Surface and Nanoscience
Our primary research focus is on the modelling and analysis of the structure of the surface of solids from the surface atomic layer through to the bulk.
The surface of a solid is the link between the bulk of the material and its environment. It is the surface where chemical reactions like rust occur or where one material bonds to another. The reactivity of the surface is different to that of the bulk material so an accurate understanding of surfaces is essential for a range of modern technologies.
The properties of materials structured on the nanometre scale are unique and fundamentally different from the bulk materials from which they are composed. As such, they have an important role to play in the design and development of new materials and devices.
The materials studied and the techniques used in our studies are at the cutting edge of modern surface and nanoscience research.
The objective of the Surface and Nanoscience group is to be a centre of renown for the modelling and analysis of surfaces and nanometre scale materials. The group comprises a strong theoretical and experimental component whose research is aimed at Modelling, Analysing, Understanding, Modifying and Utilising materials properties at the nanometre scale.
To achieve these goals, there is considerable national and international collaboration with groups from around the world who have complementary skills and equipment.
We have access to the following experimental and theoretical tools:
- Low Energy Ion Scattering
- Low Energy Electron Diffraction
- Nanoprobes including STM, NSOM and AFM
- Medium Energy Ion Scattering
- Secondary Ion Mass Spectrometry
- Electron Microscopy – SEM and TEM
- Synchrotron Techniques
- Gaussian, VASP, Wien2k, SIESTA, CASTEP, DMol
- Daresbury Research Facilities UK
- Australian Synchrotron
- Advanced Light Source, Berkeley
- Institute for Materials Research, Tohoku University, Japan
- Uni of Wroclaw, in Poland
- Poznan Technical University, Poland
- Dresden University, Germany
- London Centre for Nanotechnology, University College, London.
- Accelerator facilities at the Australian National University
- University of Loughborough, UK
- Manchester Metropolitan University, UK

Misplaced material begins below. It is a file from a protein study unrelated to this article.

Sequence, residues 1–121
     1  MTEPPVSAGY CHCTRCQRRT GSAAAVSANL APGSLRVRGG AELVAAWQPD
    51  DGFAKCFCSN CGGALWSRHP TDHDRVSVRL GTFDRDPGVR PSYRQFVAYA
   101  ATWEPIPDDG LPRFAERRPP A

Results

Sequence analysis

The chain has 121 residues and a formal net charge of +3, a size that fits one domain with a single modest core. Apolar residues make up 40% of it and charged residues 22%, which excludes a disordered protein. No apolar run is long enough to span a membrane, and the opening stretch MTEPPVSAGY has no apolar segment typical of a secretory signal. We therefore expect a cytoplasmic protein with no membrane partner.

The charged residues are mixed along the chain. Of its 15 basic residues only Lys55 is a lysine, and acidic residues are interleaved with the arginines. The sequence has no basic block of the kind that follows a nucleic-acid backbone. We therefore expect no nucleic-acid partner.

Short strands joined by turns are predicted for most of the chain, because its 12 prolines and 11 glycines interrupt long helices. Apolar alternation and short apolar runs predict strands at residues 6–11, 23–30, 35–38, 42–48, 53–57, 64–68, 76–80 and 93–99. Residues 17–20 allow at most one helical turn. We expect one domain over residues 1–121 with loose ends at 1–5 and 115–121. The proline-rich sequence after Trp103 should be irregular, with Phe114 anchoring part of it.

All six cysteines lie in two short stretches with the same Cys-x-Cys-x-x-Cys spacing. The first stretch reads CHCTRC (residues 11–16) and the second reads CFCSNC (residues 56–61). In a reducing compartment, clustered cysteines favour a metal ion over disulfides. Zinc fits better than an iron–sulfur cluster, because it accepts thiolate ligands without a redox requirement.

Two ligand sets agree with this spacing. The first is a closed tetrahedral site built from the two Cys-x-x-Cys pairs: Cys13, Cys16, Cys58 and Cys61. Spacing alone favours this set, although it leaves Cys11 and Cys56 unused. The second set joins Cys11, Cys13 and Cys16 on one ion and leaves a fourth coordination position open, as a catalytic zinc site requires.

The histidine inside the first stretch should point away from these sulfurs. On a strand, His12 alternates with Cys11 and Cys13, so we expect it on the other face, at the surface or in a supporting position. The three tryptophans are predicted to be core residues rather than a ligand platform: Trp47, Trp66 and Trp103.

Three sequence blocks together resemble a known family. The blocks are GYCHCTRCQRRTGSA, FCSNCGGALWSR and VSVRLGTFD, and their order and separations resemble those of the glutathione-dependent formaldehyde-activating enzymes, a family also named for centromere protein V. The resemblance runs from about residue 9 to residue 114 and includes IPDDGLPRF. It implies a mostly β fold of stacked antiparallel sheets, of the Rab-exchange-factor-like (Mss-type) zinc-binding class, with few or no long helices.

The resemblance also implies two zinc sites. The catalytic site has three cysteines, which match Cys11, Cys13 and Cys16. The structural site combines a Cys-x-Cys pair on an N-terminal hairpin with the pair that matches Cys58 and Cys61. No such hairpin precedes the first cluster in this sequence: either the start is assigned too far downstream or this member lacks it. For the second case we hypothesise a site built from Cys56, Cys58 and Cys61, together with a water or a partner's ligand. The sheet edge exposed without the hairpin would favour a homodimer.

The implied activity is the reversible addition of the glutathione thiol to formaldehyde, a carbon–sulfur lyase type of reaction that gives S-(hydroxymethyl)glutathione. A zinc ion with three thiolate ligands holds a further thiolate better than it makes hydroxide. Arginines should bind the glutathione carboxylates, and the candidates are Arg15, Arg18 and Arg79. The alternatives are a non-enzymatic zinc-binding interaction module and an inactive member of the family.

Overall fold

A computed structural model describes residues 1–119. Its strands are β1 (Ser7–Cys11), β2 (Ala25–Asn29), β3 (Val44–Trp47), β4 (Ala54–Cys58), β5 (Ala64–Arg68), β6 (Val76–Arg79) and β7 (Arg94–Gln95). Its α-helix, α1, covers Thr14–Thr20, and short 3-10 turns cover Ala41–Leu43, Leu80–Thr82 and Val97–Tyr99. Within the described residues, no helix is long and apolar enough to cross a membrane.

- Glasgow University, UK
- Monash Centre for Electron Microscopy
- Institute for Nanotechnology, UTS
- University of Reading, UK
- Elettra Synchrotron, Italy
- University of Nebraska-Lincoln
- University of Sydney
Examples of current projects
MAX phase materials have extraordinary properties which are being investigated to determine what role they can play in high temperature aggressive environments such as high efficiency power stations, solar thermal power applications, aerospace and fusion reactors.
The next anticipated advance in miniaturising electronic components is to replace transistors by specially chosen molecules. We are contributing to the development of this new field of molecular electronics by modelling processes which will allow control of the positioning and functionality of individual atoms on silicon and germanium surfaces.
Surface plasmons produced by metallic nanoparticles have been used for centuries to modify the colours and optical properties of glasses. Recently there has been a resurgence in interest for applications such as the sub-wavelength manipulation of light and for single molecule detection. We are studying the relationship between the structure of the nanoparticles and their optical response using advanced electron microscopy techniques and a combination of classical and quantum theory.
Over the past five years we have received $9M worth of research funds, produced 85 referred publications and a further 50 other publications. In that time more than 20 Research Higher Degree students have participated in our research program.
- MAX phase materials
- Carbon and nitride nanotubes
- Radiation damage in fusion reactor materials
- Atomic thin films
- Ultra thin film growth on surfaces
- Ultra sensitive composition analysis
- Radiation damage in materials returned in the NASA Genesis mission
- Impurity redistribution in samples exposed to the solar wind in the NASA Genesis mission
- Inelastic phase retrieval in electron microscopy.
- Ab initio prediction of the optical properties of nanostructures
- Nanoscale mapping and prediction of surface plasmons.
- STM imaging and theoretical modelling of molecular adsorbates on silicon and germanium surfaces
- Chiral Recognition
- Nanoparticle impact on environment
- Alternative fuel cell catalysis
- Molecular Dissociation